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PSO Buys Cheaper But Still Most-Expensive LNG Cargo Ever in Pakistan’s History

After garnering quite a bit of press in the country for allegedly purchasing LNG cargo at one of the highest prices in Asia’s bleak industrial history, Pakistan State Oil (PSO) has now purchased LNG shipments at lower but still most expensive rates ever paid by the country.

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Stephen Stapczynski, a Singapore-based Bloomberg reporter who covers energy and commodities in the region, tweeted news of the underlined development, further mentioning Qatar Petroleum who offered Pakistan the lowest LNG cargo price of around $15.93/MMBtu at a time when “spot natural gas prices have been surging from Europe to Asia amid a global supply crunch.”


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The deal was carried by the petroleum corporation after the previous bid was disregarded due to the exorbitant price. Be that as it may, the QP tender is still the highest price Pakistan has ever had to pay for an LNG cargo in its seven-year LNG procurement history.

PSO announced that the bid received for its re-tender “translates into $15.9271 per MMBtu (million British thermal unit), which is very competitive with current market rates.” It said that PSO saved the national exchequer Rs. 2.1 billion.

Other offers included $28.9876 per MMBtu for Brent from Gunvor Singapore and $24.0386 per MMBtu for Brent by Dutch energy and commodities company, Vitol.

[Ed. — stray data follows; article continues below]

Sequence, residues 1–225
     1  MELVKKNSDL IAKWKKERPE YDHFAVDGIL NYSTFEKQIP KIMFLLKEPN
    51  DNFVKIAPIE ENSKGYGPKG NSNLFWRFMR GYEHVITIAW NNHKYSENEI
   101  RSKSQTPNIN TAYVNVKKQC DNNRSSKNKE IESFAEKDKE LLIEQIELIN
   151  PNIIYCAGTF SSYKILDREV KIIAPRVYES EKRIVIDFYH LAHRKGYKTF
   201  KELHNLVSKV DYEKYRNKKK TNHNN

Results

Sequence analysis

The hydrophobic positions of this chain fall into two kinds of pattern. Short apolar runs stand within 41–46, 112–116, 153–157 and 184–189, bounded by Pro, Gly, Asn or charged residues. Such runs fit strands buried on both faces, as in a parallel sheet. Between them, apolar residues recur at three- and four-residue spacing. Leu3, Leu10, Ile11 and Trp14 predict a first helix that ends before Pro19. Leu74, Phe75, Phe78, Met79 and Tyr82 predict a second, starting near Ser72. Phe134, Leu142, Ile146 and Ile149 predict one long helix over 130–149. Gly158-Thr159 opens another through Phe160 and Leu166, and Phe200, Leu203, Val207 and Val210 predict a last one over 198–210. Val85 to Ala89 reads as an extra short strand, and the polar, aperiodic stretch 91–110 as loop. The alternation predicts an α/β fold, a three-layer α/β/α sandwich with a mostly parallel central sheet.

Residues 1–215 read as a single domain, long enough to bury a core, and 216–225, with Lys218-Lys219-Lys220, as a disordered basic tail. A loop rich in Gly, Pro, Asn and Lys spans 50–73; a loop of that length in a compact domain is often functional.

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PSO made good use of the underlined development in lieu of the public backlash that followed over its previous – now scrapped – award of LNG cargo at the rate of $20.055/MMBtu. In a statement, the petroleum corporation revealed that it “has entered into a new long-term supply contract with Qatar (QP), supplies against which will start in January 2022 and this will further reduce the basket price of LNG being imported in the country.”

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Besides the said remark, Qatar Petroleum is also expected to bring 4 additional cargoes in November and December this year, and at prices that will reportedly be lower than the market price during winters.


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Added to the above developments, Energy Minister Hammad Azhar reportedly wrote to the PSO’s top brass advising transparency and smart deliberations in terms of procuring spot RLNG cargoes after the mid-week hiatus. In his letter, the minister explained that these instructions are important for ensuring marker efficiency, as well as keeping the public informed.

It should be noted that Pakistan’s reliance on liquefied natural gas imports has continued to grow, owing to the stagnating domestic production of the said resource. The Punjab province has been the biggest consumer of RLNG in recent times, and when it comes to energy shortages, its population pays more as compared to other provinces in terms of supply prices.

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